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Relational Databases
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Relational Databases

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    Relational Databases Relational Databases Presentation Transcript

    • Introduction to Relational Databases 1
    • Relational Databases
      • As information needs grow and become more complex, so to do methods of storing, managing and retrieving the data.
      • Database systems evolved to manage this information and data.
    • Relational Databases
      • The relational model was developed in 1970 by E.F. Codd
      • The basic data components in a relational database are "entities" and their "attributes" and the basic logical structure is a "table".
    • Components
      • Entities
        • A "thing" in a real world with an independent existence. Something about which you want to store data typically: a person, place, object, concept, or event.
    • Components
      • Attributes
        • A characteristic of an entity or object. A detailed piece of information that describes an entity.
      • Tables
        • Each table is a separate and independent unit - although tables may be related
    • The Relational Database Model
      • The simplest model for a database is a flat file.
      • You have only a single table which includes fields for each element you need to store.
      • The problem with flat files is that they waste storage space and are problematic to maintain.
    • Flat Files
      • Data redundancy
        • storing the same information in more than one file.
          • E.g. a customers address stored in more than one file.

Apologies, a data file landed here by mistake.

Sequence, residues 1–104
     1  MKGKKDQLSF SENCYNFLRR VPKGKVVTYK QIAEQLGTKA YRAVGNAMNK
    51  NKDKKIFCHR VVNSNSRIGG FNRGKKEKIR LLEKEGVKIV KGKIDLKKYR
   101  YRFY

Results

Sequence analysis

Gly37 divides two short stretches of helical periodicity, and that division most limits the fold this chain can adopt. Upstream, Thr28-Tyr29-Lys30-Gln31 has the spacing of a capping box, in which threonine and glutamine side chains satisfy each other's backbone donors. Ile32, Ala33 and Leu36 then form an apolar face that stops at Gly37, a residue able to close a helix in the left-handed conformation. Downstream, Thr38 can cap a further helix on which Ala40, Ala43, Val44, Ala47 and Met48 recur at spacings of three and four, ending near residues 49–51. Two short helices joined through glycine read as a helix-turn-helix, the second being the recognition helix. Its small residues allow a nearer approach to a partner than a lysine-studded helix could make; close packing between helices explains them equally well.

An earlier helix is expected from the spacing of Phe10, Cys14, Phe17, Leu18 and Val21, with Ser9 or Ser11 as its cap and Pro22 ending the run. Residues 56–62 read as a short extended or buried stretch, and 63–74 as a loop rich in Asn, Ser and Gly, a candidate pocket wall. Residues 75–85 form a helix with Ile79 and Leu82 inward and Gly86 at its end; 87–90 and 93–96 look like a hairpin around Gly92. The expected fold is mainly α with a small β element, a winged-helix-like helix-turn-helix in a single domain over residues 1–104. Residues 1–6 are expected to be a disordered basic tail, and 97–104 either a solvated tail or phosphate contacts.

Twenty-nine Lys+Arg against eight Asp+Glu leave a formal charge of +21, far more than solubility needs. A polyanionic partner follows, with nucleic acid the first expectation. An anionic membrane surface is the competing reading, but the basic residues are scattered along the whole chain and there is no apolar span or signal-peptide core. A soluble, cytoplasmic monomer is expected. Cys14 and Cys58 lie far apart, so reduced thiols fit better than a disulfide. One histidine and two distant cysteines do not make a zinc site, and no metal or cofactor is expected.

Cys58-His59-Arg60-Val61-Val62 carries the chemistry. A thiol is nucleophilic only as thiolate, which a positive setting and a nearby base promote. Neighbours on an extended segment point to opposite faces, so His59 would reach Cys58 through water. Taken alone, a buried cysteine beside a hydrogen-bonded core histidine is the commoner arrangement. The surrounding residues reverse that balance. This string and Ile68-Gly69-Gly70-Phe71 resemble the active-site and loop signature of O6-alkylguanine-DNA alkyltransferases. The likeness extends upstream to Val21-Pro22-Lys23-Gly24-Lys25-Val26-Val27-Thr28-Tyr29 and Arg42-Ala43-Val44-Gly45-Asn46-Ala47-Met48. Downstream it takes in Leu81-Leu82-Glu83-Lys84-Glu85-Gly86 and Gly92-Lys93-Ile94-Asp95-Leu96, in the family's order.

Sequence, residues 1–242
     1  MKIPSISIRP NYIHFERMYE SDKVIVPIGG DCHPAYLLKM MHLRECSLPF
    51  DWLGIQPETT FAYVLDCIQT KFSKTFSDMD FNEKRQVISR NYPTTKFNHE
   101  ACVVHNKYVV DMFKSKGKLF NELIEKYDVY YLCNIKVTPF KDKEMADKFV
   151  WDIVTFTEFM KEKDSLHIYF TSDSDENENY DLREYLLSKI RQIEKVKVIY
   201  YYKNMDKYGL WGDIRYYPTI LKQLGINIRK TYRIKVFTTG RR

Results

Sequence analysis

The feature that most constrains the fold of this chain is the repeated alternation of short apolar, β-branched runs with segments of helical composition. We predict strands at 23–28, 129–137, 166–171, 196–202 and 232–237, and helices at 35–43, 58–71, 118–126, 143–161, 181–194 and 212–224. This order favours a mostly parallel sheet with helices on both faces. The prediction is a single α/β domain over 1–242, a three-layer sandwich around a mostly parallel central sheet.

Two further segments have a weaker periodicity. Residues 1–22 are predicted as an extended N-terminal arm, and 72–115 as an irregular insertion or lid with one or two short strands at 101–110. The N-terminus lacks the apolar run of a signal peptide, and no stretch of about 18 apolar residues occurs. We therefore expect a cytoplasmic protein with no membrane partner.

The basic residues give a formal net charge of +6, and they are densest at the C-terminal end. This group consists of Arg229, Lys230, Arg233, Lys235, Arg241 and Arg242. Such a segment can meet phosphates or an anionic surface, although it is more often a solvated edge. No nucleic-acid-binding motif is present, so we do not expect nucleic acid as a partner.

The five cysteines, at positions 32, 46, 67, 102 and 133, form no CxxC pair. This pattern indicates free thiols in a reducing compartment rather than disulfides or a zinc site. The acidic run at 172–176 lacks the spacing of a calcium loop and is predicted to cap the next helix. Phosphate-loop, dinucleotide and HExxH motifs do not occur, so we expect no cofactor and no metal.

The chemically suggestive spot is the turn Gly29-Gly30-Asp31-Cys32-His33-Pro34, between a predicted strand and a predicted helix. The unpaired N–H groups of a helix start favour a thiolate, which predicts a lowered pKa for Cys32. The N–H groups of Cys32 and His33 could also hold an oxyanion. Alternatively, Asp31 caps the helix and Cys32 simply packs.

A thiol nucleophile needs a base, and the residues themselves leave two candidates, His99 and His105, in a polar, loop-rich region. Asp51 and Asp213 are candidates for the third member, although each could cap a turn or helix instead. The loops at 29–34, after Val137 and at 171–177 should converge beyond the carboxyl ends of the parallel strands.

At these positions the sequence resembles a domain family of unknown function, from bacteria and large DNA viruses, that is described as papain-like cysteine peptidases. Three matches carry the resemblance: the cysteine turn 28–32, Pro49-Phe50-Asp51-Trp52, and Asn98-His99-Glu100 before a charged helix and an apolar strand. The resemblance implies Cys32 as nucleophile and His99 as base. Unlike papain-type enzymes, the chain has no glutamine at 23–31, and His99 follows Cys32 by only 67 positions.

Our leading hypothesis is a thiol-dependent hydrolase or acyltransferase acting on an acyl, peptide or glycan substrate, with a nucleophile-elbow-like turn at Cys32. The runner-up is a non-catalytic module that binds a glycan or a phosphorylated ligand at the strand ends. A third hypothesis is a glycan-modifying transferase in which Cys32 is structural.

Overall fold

• Data integrity
        • maintaining accurate data. If a customer’s address is changed will it be changed in all files? If not the data loses it’s integrity - it is inaccurate.
    • Example Customers Customer Number Company Name Address City, State, Phone Number Orders Order Number Order Date Order Line Items Item Number Description Quantity Price Each time an order is placed, you'll need to repeat the customer information, including the Customer Number, Company Name, etc. A company which takes orders from many customers
    • Solution
      • The solution to this problem is to use a relational model for the data.
      • This means that in this example each order entered is related to a customer record, and each line item is related to an order record.
    • Solution
      • A relational database management system (RDBMS) is a piece of software that manages groups of records which are related to one another.
    • Solution Customers CustID CustName CustAddress CustCity CustState CustPhone Orders OrdID OrdCustID OrdDate OrderDetails ODID ODOrdID ODDescription ODQty ODPrice
    • Advantages of a RDMS
      • All data is stored in the database
      • Data redundancy is reduced
      • Easier to maintain data integrity
      • Eliminates the dependence between programs and data.
        • The database can operate as a stand alone application.
    • Keys
      • A key is simply a field which can be used to identify a record.
      • Primary key
        • A primary key is a field that uniquely identifies a record in a table.
        • No two records can have the same value for a primary key.
    • Keys
      • Foreign Key
        • A foreign key represents the value of primary key for a related table.
        • Foreign keys are the cornerstone of relational databases.
    • Example In the Customers Table, the CustID field will contain the data to uniquely identify a customer. This is the primary key. In the Orders table, the OrdCustID field would hold the value of the CustID field for the customer who placed the order. This makes OrdCustID a foreign key
    • Solution Customers CustID CustName CustAddress CustCity CustState CustPhone Orders OrdID OrdCustID OrdDate OrderDetails ODID ODOrdID ODDescription ODQty ODPrice In the Orders table, the OrdCustID field would hold the value of the CustID field for the customer who placed the order. Primary Keys Foreign Keys
    • Referential Integrity
      • This is a validity check
        • a set of rules that avoids data inconsistency.
      • This means that a foreign key cannot be entered into one table unless it matches a primary key in another
      • Referential integrity can also prevent the deletion of a record if the record has a primary key that matches foreign keys in another table.